SC: What are you most proud of related to your venture(s)?

JF: I’m really most proud of the family that we have built at Cook it. The family of customers, the family of employees, the Board of Directors, and the people that help us. I have the privilege of meeting so many smart, inspiring people who want to change the world.

SC: Tell us about your biggest hurdle – what was it and how did you persevere  through it?

JF: The biggest struggle for me was really on the financial side with raising capital. It took me 3 years to decide to raise capital in a capital intensive market and by the time that I decided to start doing my pitch deck, my biggest competitor had already raised 20 million. It took me a year to raise my first million in capital investments and that really accelerated and changed Cook it completely. For me, I had this idea that we would win because our product would be better than the competition and because we would put the customer in the middle. That is what eventually happened, but I can’t tell you how many hours I spent crying because I was completely terrorized. When you have absolutely no background in finance, you have to learn everything quickly. In the first months, there was not one legal term that I understood. At one point I even said “well, am I the right person to be the CEO of Cook it or would the company be better off in the hands of someone else?”. Fortunately, I realized that I could just hire people to help me.

SC: What has your biggest learning been along the way?

JF: My biggest learning has been that you can do anything you want in life. I do a lot of conferences around Québec and I go to universities and speak to students. Last year, when you could still go into the Universities, I was speaking to an entrepreneurship cohort that was enrolled in a startup business course. The program itself is very prestigious, with only about 20 people being involved each year. I asked the professor how many students actually move forward and start their business. The answer was less than 20% – I was completely flabbergasted at that moment because I was amazed that people go through a two year University level, full time program to launch a business and none of them actually do it. It’s completely crazy. I’ve always said that I’m not the best entrepreneur, I’m not superwoman, and I’m not the smartest person in the room. There is nothing extraordinary about me, the only difference is that I started my business.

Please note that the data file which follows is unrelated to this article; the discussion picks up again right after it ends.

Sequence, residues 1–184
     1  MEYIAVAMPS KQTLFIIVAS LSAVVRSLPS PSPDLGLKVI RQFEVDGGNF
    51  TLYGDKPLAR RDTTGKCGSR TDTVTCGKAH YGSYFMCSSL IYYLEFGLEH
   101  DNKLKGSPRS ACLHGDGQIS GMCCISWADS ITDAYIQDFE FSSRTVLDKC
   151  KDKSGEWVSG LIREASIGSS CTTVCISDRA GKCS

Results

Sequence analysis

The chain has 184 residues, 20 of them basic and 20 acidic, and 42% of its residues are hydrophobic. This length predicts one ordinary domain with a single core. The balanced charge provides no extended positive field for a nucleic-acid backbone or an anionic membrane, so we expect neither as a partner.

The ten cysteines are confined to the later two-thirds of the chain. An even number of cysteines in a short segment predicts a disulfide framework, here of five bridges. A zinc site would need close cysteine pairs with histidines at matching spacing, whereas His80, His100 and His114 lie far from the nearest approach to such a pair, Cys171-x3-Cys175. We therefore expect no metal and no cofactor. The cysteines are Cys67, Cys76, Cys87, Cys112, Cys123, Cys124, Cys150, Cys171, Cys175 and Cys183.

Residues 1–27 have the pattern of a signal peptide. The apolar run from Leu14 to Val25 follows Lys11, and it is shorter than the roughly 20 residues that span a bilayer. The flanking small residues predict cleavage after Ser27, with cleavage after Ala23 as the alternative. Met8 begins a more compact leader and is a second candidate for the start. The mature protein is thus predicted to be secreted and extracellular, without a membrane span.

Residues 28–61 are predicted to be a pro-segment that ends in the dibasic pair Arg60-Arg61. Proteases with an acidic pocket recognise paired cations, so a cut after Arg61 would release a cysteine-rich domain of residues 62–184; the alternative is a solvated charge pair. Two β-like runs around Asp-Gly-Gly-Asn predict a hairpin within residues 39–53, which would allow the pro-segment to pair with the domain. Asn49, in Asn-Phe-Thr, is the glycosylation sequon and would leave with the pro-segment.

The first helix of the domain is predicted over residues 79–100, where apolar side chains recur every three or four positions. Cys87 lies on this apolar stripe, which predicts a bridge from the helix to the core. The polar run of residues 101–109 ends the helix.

Another part of that is the realization that there is so little competition when you fully dedicated yourself to doing something. I always give the example of becoming the best cello player on the planet. When you actually start playing cello 20 hours, 40 hours, and then 60 hours per week, you quickly realize that there’s not too many people who actually want to do that with their life and that a lot of people just go through the traditional trajectory of life and don’t have those big crazy goals.

SC: What drives your motivation when things get tough?

JF: Myself and the Cook it team have this kind of infinite vision – we’re always in this constant struggle to have the perfect product and that’s really motivating. 

I think one of the characteristics that I’ve seen in many entrepreneurs is that we’re all kind of naive. It’s kind of like living in our own dreamland with bubbles and flowers everywhere. So I don’t know, for me I don’t really let the bad things bring me down. I’m full of gratitude that I’ve been lucky enough to have this amazing journey. I’m also grateful that I decided to launch Cook it at the right moment. You know, launching 10 years before would have been far too early and launching today would be too late. All in all, I don’t really have the feeling that progress or motivation really stopped at any point, and I’m really full of gratitude for that.